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LE4D AS A PARADIGM TABLE 28 1 Responses to Lead 301 Threshold, Biologic Effect ug/dla Speahlatv Heme pathway effects S'Ps~ Decreased 6-am~nolevulinic and dehydrase acts Increased free e~ythrocyte protopo~phyr~n concentration Decreased heme production Basophilic stippling Frank anemia Central nervous system effects Altered electrophysiologic responses Quantitative BEG abnormalities appear Evoked potential abnormalities appear Psychologic deficits _ . . . . 10 10 15 40 50 60 35 10 Moderate Moderate Moderate Low High Low Low Low IQ deflate increased 15 Low Attention deflate appear 10 Low Speech and language deficits appear 35 Low Other effects 1,25-vitamin D hydroxylase activity altered Na-K ATP-ase activity altered 12 20 High Low Threshold blood lead concentration for indicating that an effect has occurred. marker. These concepts are discussed in detail in the appendix. Sensitivity is the probability that an effect will be detected by the marker. Specificity is the probability that the lack of effect will be correctly identified, i.e., that the marker does not falsely indicate an effect. Together, these two characteris- tics and the prevalence of the effect in the population determine the predictive value of the marker. The higher the specificity of a given marker (i.e., the lower its orobabilitv of association with other diseases or ex- posures), the greater its utility in diag- nosing disease or exposure. The specifici- ty of a marker of effect is related to its proximity in the causal chain to the health effect in question. That in turn depends on the definition of adverse health effect and on the process of causal inference. ADVERSE HEALTH EFFECTS Causal Inferences in Toxicant Exposure Establishment of a causal nexus between the exposure variable or marker and a dis- ease is essential in defining the relation- ships between the variables. In nonexperi- mental studies, investigators must rely on experimental design and model-building to determine the most reasonable causal model. Scientists must balance type I errors (accepting spurious causal hypo- theses as true) and type II errors (re- jecting true causal hypotheses as spur- ious). Avoiding type I errors has been emphasized; less attention has been given to the risk of type II errors. In making causal judgments, the following errors are often encountered: Overvaluing the importance of the criterion p = 0.05. Many investigators dis- miss findings in which the p is greater than 0.05. The use of this fixed boundary is not logical, but is a long-held prefer- ence that has become conventional. Improper causal specification or modeling. Many studies attempting to reduce con- founding control for many variables that might be markers of effect. That results in reducing the variance properly attri- butable to the causal agent under study.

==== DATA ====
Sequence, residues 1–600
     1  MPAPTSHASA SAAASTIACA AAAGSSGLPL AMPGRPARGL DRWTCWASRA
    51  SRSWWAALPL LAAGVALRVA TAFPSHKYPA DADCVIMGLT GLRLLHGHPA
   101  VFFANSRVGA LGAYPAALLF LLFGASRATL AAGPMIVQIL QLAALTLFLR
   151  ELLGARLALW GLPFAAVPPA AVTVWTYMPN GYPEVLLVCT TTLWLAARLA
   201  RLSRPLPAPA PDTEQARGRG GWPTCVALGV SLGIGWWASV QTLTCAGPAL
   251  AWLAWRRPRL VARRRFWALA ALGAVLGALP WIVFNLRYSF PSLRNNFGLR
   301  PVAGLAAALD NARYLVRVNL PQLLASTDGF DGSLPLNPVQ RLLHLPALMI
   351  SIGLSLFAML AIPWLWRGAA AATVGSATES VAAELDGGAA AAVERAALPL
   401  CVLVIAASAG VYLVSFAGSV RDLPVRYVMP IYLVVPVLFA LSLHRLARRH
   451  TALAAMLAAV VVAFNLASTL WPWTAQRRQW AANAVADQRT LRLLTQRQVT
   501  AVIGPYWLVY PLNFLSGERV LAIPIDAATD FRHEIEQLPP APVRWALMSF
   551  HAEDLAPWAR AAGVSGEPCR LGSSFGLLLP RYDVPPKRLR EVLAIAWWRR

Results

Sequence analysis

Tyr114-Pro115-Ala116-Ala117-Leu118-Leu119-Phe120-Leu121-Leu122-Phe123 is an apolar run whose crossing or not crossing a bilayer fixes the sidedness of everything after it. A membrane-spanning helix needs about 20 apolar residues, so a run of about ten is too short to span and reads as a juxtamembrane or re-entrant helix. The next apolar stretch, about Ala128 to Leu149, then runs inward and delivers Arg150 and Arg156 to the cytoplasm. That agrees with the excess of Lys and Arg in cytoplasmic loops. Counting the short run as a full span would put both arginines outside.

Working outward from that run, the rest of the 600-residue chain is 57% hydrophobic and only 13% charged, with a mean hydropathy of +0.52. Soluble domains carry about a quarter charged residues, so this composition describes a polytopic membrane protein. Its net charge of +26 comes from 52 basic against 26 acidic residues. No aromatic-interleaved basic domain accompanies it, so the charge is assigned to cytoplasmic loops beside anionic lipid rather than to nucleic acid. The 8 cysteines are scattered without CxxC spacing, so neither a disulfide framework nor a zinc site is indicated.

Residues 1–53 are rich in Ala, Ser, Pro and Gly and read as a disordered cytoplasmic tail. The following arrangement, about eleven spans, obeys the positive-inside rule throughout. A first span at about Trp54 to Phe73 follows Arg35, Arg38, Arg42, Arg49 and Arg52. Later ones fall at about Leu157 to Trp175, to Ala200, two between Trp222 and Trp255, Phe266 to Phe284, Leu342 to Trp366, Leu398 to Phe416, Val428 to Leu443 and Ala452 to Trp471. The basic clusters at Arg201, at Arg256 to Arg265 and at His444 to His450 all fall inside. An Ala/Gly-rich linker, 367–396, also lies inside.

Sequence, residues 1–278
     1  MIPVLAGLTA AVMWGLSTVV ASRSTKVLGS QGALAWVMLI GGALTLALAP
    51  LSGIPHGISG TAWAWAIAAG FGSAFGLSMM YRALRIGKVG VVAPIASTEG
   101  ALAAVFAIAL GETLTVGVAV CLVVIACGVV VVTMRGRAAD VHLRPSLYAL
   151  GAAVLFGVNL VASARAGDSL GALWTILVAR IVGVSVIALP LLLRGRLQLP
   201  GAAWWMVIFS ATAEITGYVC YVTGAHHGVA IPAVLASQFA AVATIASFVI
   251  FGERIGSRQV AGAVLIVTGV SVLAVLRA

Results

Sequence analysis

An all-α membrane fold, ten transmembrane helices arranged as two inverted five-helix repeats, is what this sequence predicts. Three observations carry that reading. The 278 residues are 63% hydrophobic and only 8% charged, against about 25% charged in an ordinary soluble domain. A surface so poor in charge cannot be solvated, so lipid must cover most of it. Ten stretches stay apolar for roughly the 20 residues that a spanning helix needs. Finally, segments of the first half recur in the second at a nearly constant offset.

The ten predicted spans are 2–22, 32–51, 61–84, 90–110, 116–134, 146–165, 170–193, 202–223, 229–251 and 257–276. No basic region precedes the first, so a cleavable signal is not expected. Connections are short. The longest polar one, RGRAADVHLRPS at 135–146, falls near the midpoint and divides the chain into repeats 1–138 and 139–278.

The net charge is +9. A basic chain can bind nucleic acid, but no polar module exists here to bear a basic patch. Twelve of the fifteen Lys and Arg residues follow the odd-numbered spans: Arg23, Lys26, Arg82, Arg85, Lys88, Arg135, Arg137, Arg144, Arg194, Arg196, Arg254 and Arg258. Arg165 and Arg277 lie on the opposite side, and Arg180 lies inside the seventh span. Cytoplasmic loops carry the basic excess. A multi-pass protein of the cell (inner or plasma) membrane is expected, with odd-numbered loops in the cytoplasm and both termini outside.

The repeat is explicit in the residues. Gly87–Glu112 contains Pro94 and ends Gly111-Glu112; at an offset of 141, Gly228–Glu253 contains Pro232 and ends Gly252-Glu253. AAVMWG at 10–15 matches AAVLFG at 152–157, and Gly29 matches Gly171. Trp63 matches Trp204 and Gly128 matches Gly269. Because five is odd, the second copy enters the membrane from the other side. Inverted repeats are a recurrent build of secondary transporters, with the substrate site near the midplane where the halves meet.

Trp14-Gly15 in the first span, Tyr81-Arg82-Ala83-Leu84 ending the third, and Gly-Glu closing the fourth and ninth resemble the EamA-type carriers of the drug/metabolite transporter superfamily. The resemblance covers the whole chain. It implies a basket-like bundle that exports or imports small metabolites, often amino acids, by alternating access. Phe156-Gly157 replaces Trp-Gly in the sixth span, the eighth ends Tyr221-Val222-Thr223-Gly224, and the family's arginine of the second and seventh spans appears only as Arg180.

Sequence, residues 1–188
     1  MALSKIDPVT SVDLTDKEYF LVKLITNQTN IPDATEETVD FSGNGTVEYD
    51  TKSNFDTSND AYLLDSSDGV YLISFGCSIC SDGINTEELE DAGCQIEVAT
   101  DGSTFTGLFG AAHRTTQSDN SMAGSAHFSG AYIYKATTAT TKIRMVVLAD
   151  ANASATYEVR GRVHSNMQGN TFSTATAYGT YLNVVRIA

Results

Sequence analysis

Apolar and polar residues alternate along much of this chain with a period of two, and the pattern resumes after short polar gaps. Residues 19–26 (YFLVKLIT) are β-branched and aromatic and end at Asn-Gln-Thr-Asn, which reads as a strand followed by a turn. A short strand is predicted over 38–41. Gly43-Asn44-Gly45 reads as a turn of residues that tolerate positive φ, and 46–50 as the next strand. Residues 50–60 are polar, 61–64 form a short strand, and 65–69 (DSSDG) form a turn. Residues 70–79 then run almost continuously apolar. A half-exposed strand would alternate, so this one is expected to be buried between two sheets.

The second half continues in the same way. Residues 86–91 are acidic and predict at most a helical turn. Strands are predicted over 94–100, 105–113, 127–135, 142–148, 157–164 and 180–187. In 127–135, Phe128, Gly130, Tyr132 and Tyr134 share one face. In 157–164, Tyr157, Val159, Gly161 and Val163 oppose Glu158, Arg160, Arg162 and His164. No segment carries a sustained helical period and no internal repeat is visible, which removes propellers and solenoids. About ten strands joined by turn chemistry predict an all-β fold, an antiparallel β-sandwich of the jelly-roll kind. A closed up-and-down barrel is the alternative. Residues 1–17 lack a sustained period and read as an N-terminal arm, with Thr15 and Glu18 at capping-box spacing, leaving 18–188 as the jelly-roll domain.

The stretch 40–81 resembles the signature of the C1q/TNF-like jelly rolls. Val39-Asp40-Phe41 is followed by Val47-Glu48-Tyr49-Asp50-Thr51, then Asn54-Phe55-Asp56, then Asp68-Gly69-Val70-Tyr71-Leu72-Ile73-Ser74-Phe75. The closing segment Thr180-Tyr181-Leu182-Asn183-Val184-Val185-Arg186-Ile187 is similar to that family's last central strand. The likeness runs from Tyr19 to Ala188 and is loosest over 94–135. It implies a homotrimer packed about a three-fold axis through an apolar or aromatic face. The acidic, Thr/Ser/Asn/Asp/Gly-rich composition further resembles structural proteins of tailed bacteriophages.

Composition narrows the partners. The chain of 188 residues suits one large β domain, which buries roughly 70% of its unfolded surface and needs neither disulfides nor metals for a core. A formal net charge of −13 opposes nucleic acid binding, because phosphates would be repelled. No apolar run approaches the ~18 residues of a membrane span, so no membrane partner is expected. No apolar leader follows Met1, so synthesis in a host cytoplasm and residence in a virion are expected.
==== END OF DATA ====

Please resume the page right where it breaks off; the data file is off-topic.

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302 Arguing for lack of effect from studies with inadequate power to find an effect. Power measures the probability that a study can find an effect if it is present. It is a function of three variables: the number of subjects studied, the effect size under scrutiny, and the significance criterion selected by the examiner. Many studies that have argued for a lack of causal effect have done so on the basis of sample sizes with less than a 50% chance of finding an effect at a statistical sig- nificance of 0.05. Assigningsharedvariancetotheconfound- er. If the main effect (e.g., exposure vari- able) is highly associated with another variable, the effect might not be detected NEURODEVELOPMENTAL TOXICOLOGY in regression analyses. This problem is referred to as collinearity of effect and confounders. The order in which the vari- ables are considered in the regression equation will affect the conclusions of the analyses. Evaluating studies in isolation. Many re- view articles discuss studies in isola- tion, tabulate their advantages and dis- advantages, and then count the studies that favor and do not favor a causal effect. That type of evaluation seriously degrades the data. A relatively new form of review, meta-analysis, or quantitative summaries of many studies, promises to improve on the evaluation of multiple studies.